Philadelphia, PA (Vocus/PRWEB) February 24, 2011
The first Ivy League university to be part of the American College and University’s President’s Climate Commitment now has its first LEED Platinum facility. The $13 million Horticulture Center at the University of Pennsylvania Morris Arboretum opened in October 2010 and just achieved Leadership in Energy and Environmental Design (LEED) Platinum certification, the highest rating given by the U.S. Green Building Council. It is the second not-for-profit LEED Platinum project in the state of Pennsylvania. The 20,840 square foot, multi-building Horticulture Center is located at Bloomfield Farm, a 70-acre site within the larger Morris Arboretum. The project is part of the last key component of the university’s 1977 masterplan for a modern botanical garden.
The Horticulture Center serves arboretum staff and includes four separate facilities. The office building has work stations for 28, plus conference rooms and a staff lounge. A mechanic’s shop and garages are adjacent to the office building, and there are two carpentry shops. Overland Partners Architects of San Antonio, Texas, led the design team, which included local landscape architecture firm Andropogon Associates and m2 architects. Penn challenged Overland Partners to create a “forward looking” building of national significance that incorporates the highest standards in sustainable principles while maintaining a modest budget in keeping with the modest building size.
The Horticulture Center is an important demonstration project for sustainable features that will be increasingly adopted across the Penn campus as part of the university’s Climate Action Plan. Penn President Amy Gutmann was the first Ivy League university president to sign the American College and University’s President’s Climate Commitment, and Penn’s Climate Action Plan is an outcome of that pledge.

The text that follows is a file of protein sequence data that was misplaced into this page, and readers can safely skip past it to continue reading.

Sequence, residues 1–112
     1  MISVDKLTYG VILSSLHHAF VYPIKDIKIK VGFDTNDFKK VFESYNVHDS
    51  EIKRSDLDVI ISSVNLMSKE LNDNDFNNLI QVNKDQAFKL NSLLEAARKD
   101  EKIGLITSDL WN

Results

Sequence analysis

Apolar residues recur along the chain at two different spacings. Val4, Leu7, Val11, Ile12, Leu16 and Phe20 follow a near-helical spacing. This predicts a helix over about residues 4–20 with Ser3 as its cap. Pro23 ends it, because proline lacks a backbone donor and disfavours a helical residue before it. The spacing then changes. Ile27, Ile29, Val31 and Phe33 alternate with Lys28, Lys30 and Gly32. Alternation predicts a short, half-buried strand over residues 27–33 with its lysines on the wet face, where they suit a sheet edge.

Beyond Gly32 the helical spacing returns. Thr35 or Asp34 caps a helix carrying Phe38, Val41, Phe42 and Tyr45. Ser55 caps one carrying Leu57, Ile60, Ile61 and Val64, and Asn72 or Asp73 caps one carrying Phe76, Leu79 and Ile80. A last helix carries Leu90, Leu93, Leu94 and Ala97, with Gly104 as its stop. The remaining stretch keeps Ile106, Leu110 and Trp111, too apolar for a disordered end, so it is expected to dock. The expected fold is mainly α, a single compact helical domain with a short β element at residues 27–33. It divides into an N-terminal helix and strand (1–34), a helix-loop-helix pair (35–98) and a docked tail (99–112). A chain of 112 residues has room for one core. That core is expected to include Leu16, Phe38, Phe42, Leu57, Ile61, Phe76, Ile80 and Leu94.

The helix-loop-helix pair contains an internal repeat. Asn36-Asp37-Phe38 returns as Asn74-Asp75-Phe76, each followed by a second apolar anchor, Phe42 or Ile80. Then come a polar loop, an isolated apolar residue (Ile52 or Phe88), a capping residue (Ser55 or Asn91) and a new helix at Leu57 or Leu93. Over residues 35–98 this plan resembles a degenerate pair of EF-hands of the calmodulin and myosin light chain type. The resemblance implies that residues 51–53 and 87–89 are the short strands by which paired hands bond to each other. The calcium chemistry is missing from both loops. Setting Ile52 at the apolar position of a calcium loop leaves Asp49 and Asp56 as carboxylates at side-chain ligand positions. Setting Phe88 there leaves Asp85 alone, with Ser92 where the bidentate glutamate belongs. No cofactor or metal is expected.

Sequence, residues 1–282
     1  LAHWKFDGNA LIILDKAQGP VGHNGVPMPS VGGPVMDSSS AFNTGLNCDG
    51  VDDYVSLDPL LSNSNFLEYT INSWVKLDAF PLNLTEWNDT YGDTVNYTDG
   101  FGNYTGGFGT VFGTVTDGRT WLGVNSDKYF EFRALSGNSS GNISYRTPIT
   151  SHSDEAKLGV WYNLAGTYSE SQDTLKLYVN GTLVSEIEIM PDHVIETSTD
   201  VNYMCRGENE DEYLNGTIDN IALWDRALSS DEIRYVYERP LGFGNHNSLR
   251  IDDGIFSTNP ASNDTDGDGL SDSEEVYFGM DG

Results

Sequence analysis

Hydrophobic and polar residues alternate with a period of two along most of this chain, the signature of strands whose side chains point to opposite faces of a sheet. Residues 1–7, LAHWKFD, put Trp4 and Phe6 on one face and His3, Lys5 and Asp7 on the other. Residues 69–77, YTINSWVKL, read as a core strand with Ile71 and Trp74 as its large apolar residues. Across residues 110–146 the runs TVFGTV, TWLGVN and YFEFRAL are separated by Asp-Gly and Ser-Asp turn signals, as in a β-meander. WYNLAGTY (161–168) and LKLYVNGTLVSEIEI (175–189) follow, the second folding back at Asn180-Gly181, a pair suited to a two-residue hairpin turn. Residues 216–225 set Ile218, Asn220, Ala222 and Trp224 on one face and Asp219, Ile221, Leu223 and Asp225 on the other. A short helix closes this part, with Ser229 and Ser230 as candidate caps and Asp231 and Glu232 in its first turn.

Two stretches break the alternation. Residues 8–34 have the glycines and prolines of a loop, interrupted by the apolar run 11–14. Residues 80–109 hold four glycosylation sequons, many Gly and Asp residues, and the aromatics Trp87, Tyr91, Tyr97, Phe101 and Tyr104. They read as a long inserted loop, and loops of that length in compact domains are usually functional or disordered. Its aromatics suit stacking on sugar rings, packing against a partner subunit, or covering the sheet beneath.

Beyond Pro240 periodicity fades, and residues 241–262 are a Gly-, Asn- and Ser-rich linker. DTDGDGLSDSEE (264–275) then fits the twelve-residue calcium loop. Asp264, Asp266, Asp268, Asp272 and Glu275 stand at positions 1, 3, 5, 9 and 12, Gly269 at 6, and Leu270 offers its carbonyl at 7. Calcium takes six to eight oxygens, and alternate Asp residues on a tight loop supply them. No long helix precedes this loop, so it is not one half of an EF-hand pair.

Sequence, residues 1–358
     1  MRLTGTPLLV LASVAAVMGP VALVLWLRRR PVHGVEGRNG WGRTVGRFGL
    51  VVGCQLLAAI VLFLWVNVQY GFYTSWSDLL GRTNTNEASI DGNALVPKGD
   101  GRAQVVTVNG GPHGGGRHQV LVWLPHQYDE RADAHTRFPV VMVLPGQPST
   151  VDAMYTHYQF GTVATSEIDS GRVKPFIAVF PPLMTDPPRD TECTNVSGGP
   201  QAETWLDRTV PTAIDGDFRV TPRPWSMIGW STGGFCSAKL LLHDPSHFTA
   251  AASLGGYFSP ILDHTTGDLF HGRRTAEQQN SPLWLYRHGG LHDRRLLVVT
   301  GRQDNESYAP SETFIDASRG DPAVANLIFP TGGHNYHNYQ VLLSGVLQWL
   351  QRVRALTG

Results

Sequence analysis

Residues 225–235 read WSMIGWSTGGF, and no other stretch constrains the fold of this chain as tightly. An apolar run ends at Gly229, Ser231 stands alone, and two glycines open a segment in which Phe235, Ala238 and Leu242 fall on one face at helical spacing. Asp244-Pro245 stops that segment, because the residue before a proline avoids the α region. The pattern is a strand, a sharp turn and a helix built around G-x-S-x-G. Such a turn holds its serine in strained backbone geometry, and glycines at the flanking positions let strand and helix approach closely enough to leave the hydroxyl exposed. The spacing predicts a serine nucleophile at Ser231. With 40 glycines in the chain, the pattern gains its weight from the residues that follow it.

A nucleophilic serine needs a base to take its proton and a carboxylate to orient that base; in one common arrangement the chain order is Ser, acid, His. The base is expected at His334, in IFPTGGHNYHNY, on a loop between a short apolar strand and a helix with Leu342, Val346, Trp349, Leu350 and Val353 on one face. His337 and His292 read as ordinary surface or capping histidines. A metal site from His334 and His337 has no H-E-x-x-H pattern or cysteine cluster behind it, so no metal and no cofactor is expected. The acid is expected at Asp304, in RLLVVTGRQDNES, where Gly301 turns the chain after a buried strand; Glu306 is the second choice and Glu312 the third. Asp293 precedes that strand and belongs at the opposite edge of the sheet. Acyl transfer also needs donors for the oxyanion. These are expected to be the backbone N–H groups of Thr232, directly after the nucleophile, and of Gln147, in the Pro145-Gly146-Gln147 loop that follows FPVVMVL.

“The Horticulture Center presented a perfect opportunity for us to actively pursue aspects of every goal in our Climate Action Plan. The new center will use 40% less energy than conventionally-built facilities, we diverted 75% of construction waste from landfills, and we achieved the highest level possible of LEED certification,” said Dan Garofolo, Penn Environmental Sustainability Coordinator. “Perhaps most importantly, the Horticulture Center is a functioning example of the level of sustainability that is possible; it will certainly lead by example and raise the bar for all other new buildings at Penn.”
Some of the sustainable features of the Horticulture Center include:
- Geothermal heating and cooling, ample daylighting, and operable windows, to reduce the overall demand for electricity throughout the year
- Rainwater harvesting for use in landscape irrigation and toilet flushing
- Highly flexible and durable facility which is designed to accept changing technology
- Rooftop photovoltaic (PV) panels and solar hot water collectors provide on-site renewable energy that would otherwise come from the utility power grid
- Green roofs, planted with indigenous, low-maintenance plants, mitigate storm water runoff and reduce the heat island effect